"Pat Colville: Scapes" Pat Colville's work at Moody Gallery reminds us just how nice small paintings can be. Most of the works are around two square feet, and they're beautifully crafted on panels, creating a wonderful, objectlike quality. Colville's paintings have well-worked, burnished grounds that reveal layers of colors, as if paint were being scrubbed away on an old cabinet door. The grounds are overlaid with crisp, abstract shapes painted in dense solid colors with the matte look of fondant. A bright red line delineates an amoeboid shape; clusters of pale blue circles are connected into bubbly forms; and vividly colored rectangles and swirls float over surfaces. These are skillfully composed works with a vintage feel imparted by the panels' surfaces and '50s-era color schemes. Through November 26. 2815 Colquitt, 713-526-9911.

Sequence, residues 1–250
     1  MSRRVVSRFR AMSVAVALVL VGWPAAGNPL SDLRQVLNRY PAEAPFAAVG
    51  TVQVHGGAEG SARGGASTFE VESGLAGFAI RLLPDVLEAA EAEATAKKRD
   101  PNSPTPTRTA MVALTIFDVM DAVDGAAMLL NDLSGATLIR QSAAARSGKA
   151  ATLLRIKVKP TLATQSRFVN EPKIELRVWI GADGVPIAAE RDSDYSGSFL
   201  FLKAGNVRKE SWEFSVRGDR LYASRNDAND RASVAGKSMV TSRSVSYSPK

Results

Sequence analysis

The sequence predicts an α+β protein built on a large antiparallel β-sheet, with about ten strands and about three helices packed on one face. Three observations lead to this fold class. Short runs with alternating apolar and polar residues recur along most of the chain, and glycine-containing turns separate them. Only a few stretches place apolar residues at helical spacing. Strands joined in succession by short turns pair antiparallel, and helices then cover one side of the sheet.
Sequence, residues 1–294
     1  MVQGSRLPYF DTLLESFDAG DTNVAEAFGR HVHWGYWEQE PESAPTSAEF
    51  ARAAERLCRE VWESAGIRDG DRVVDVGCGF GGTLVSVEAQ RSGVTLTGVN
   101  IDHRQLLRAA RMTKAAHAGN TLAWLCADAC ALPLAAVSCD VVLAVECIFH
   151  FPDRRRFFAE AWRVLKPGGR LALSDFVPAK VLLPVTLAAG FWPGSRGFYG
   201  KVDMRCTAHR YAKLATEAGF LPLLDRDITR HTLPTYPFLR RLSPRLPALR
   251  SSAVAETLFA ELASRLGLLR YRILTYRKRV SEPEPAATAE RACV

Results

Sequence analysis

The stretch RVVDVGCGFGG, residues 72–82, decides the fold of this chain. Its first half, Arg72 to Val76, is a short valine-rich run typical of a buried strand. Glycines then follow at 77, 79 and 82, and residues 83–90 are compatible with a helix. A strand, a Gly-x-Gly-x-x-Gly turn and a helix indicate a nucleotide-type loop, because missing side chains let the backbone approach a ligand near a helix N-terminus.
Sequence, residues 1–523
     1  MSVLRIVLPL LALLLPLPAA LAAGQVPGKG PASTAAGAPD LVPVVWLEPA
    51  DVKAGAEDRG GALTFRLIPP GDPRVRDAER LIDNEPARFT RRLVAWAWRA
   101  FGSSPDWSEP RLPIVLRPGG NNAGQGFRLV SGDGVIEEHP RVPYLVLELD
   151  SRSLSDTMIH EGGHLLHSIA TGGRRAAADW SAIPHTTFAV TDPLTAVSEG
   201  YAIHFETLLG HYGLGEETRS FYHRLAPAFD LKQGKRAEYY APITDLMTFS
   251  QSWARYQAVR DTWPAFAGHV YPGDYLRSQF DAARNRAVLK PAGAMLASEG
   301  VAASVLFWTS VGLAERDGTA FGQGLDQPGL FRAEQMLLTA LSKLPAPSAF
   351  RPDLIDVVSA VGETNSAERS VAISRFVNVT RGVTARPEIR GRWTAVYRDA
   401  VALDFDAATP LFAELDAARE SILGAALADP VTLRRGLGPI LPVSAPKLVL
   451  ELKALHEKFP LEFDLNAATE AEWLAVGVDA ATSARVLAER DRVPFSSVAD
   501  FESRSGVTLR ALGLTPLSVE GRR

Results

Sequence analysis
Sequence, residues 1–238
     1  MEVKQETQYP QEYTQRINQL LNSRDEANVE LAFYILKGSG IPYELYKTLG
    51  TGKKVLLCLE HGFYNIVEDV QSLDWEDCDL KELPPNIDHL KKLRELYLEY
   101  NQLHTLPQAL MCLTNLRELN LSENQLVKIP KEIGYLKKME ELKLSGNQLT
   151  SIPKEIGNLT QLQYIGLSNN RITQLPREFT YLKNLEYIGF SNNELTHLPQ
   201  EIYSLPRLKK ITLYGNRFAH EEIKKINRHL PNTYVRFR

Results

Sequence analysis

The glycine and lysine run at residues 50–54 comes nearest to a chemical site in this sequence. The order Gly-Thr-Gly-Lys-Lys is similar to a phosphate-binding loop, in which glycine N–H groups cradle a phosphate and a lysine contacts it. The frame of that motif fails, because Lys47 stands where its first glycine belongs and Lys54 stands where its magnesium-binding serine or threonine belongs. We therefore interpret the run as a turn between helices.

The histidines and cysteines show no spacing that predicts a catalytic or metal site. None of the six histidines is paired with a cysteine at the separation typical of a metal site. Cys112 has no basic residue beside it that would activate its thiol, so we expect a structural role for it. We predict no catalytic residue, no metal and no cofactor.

"Robin Utterback" Robin Utterback is having his first Houston solo exhibition since 1996. The artist just completed a residency in Strasbourg, France, and is back with a whole new crop of work. In his current paintings, Utterback has used dark twill fabrics on stretcher frames instead of canvas. They create a novel ground for nonchalant abstract forms that feel like riffs on ornamental shapes. His paper works are some of the most interesting in the show. An eight-foot work pieces together sections of paper and swatches of canvas in a loose quilt of images. On another wall of the gallery, Utterback arranged a collection of pieces that use found scraps of paper, cardboard and newspaper. The paper works are simple and unfussy, many with masklike cut-outs and chalky accretions of paint. Utterback has a loose but skillful hand with his imagery and materials. The show marks a pleasant return for the artist. Through November 26 at Barbara Davis Gallery, 4411 Montrose, 713-520-9200.